Yasuko Tsuchikane received a Ph.D. in art history from Columbia University and teaches at Cooper Union in New York. Her research interests focus on late 19th and 20th century Japanese art concerning the dynamic interrelation among differentiated categories within areas such as countries of origin, media, and social sectors for art production, patronage, and appreciation. Her work on calligraphy is the most recent example of her investigation dealing with this issue. The topics of her publications include intellectual discourse on ceramics and the patronage of Nihonga artists in Kyoto Buddhist temples.
Beyond Labels: Decoding Asian Letterings in Postwar Japanese Art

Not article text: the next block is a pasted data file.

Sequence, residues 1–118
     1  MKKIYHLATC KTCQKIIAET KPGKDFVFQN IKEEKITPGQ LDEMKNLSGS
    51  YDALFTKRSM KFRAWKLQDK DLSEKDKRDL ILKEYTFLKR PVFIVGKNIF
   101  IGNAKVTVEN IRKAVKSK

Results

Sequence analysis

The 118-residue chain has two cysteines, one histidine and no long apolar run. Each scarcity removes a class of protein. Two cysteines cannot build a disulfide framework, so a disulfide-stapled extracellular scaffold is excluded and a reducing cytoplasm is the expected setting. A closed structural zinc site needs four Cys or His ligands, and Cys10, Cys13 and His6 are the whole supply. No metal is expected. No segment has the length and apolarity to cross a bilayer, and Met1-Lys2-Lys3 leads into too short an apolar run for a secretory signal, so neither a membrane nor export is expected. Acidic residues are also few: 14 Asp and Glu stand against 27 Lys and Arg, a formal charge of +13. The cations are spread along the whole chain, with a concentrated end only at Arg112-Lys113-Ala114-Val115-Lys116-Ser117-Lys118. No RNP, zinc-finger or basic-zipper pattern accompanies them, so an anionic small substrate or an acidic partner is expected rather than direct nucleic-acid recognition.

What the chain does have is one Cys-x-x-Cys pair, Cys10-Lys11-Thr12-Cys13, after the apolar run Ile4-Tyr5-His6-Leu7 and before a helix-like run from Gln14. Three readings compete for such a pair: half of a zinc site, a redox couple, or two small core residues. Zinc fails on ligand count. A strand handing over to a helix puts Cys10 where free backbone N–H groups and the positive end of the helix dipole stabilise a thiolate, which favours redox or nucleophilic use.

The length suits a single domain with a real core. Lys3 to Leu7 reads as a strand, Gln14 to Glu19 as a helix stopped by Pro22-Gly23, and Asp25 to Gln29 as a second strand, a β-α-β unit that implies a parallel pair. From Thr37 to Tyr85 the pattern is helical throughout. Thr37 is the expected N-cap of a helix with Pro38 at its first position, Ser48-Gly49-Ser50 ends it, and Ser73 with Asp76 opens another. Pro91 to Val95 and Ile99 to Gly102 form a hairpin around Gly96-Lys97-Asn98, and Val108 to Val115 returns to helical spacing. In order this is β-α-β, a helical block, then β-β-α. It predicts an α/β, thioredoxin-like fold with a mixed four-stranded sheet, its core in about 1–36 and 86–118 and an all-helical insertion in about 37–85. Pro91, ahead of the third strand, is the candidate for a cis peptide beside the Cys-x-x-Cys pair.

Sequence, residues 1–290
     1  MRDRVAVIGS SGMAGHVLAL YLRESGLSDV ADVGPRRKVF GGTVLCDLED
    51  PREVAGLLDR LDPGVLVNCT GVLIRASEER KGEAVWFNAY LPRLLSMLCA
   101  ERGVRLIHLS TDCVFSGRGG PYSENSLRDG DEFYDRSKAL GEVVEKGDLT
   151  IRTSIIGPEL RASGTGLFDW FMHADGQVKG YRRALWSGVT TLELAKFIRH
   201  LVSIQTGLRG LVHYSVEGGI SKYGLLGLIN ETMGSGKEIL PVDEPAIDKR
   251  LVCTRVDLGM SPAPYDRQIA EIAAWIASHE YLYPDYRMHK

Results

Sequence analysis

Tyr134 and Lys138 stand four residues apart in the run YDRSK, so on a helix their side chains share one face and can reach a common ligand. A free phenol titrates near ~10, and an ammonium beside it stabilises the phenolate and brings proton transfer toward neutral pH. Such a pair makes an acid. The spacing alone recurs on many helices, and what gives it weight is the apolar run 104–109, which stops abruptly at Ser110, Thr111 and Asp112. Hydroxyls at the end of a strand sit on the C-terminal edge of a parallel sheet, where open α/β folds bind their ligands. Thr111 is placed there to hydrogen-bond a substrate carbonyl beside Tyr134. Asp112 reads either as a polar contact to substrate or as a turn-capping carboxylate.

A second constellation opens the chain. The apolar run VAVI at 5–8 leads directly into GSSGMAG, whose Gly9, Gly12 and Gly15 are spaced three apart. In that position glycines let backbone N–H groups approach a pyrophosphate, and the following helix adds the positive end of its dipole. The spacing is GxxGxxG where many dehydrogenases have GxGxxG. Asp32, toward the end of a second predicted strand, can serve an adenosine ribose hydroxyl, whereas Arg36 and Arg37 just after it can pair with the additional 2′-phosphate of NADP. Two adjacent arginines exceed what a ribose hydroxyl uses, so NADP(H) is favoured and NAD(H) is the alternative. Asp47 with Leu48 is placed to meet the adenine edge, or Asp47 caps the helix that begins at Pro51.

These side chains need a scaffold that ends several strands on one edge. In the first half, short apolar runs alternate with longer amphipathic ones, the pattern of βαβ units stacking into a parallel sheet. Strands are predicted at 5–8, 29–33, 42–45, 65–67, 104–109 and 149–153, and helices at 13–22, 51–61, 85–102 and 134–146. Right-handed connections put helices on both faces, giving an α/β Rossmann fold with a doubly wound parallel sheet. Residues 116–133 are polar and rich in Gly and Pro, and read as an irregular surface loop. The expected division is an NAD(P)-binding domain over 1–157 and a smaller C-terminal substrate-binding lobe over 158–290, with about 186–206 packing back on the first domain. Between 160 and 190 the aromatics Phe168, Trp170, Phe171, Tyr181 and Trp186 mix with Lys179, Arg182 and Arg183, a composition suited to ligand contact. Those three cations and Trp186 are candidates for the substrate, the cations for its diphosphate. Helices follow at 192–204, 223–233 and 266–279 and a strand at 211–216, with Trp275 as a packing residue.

This presentation will pose the question whether a complete synthesis of writing and picturing was possible in early postwar Japan. It will problematize the “mainstream” avant-garde discourse on the interaction between non-lexicon letters and abstract pictures as a view privileging the principles of the West and picturing. In search of a counterexample from the East Asian civilization of lettering, the presentation will heuristically examine the impact of aesthetics and philosophy uniquely developed within Japan’s premodern writing system on the country’s postwar visual culture outside of what has been labeled “calligraphy.” Identifying Asian roots within Japan’s calligraphy in its bifurcated writing system consisting of Chinese characters and Japanese kana syllabaries, I will argue that artists’ conscious selection from these two lettering modes to be translated into pictorial and design media was a culturally and socio-politically sensitive issue, expressing their changing values after the turbulent decades of the Sino-Japanese wars.